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Friday, Feb 03, 2023

Egypt’s new IMF deal aims to reduce government debt: Cabinet  

Egypt’s new IMF deal aims to reduce government debt: Cabinet  

CAIRO: The International Monetary Fund's new $3 billion financial support package for Egypt aims to reduce government debt to less than 80 percent of the gross domestic product in the medium term, Reuters reported citing a cabinet report released on Saturday. The IMF did not require the Egyptian government to cut spending on subsidies, the report said, adding that the new program aimed to strengthen the social protection network for citizens.
This approval demonstrates confidence in the country’s ability to fulfill its international obligations and achieve targeted economic growth, the Egypt State Information Service stated the government as saying in a statement released by the Cabinet media center. 

The government’s remarks came after the IMF executive board approved on Friday a 46-month, $3 billion financial support package for the Arab world's most populous country, saying it would catalyze additional funding of about $14 billion. 

Egypt negotiated its latest IMF loan as the economic fallout from the war in Ukraine exacerbated a foreign currency shortage resulting from Egypt's large trade deficit. 

In a background document on Egypt, the IMF said the new program would fund some of the country's foreign currency financing gap, and that Cairo had secured $5 billion in new financing for the fiscal year ending in June 2023. 

Of that, $2 billion would come from the sale of equity in private sector companies and $3 billion from multilateral support, separate to the rollover of deposits by Gulf states in Egypt's central bank.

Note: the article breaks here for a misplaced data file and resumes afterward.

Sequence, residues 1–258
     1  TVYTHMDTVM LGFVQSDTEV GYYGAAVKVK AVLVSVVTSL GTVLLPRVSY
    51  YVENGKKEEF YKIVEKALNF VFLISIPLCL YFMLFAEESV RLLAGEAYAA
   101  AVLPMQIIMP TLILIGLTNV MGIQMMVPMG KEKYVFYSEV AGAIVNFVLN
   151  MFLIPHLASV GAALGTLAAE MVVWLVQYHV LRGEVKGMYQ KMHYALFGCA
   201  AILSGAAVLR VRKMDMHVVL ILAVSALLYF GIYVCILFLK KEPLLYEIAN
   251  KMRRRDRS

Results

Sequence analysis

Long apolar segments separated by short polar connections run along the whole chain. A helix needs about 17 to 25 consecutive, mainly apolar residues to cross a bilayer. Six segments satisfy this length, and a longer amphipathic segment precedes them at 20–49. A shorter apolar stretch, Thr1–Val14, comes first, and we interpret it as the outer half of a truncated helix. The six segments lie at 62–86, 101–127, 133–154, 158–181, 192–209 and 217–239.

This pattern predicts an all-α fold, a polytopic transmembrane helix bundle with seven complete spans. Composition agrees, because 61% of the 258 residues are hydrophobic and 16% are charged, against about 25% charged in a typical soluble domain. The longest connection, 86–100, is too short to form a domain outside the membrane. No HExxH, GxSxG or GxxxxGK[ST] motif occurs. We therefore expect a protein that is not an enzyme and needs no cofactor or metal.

Economists say one reason Egypt has struggled to attract investment despite repeated IMF programs and reform plans is the prominent role of the state and the military in the economy, and the advantages afforded to state-owned enterprises over private-sector firms. 

The IMF's background document said its programme aimed to support plans by Egypt to reduce the state's footprint in the economy, increase transparency around SOEs, and create a level playing field for all economic actors. 

An Egyptian cabinet statement on Saturday said the government was acting quickly to issue a political document outlining economic sectors from which the state would withdraw. It said the cabinet approved a final draft on Nov. 30. 

The IMF document said Egyptian authorities had also committed to the publication by the finance ministry of biannual accounts of SOEs along with information on subsidies to SOEs. 

It said Cairo had further committed to publishing data including audit reports on fiscal accounts, procurement contracts of more than 20 million Egyptian pounds ($811,360), and an annual report on tax breaks, exemptions and incentives. 

Egypt’s IMF-supported program includes a comprehensive policy package to preserve macroeconomic stability, restore buffers, and pave the way for inclusive and private-sector-led growth, SIS reported. 

The package includes a monetary policy aimed at gradually reducing inflation, fiscal consolidation to ensure a downward public debt trajectory while enhancing social safety nets to protect the vulnerable, and wide-ranging structural reforms to reduce the state footprint and strengthen governance and transparency, the state information service added. 
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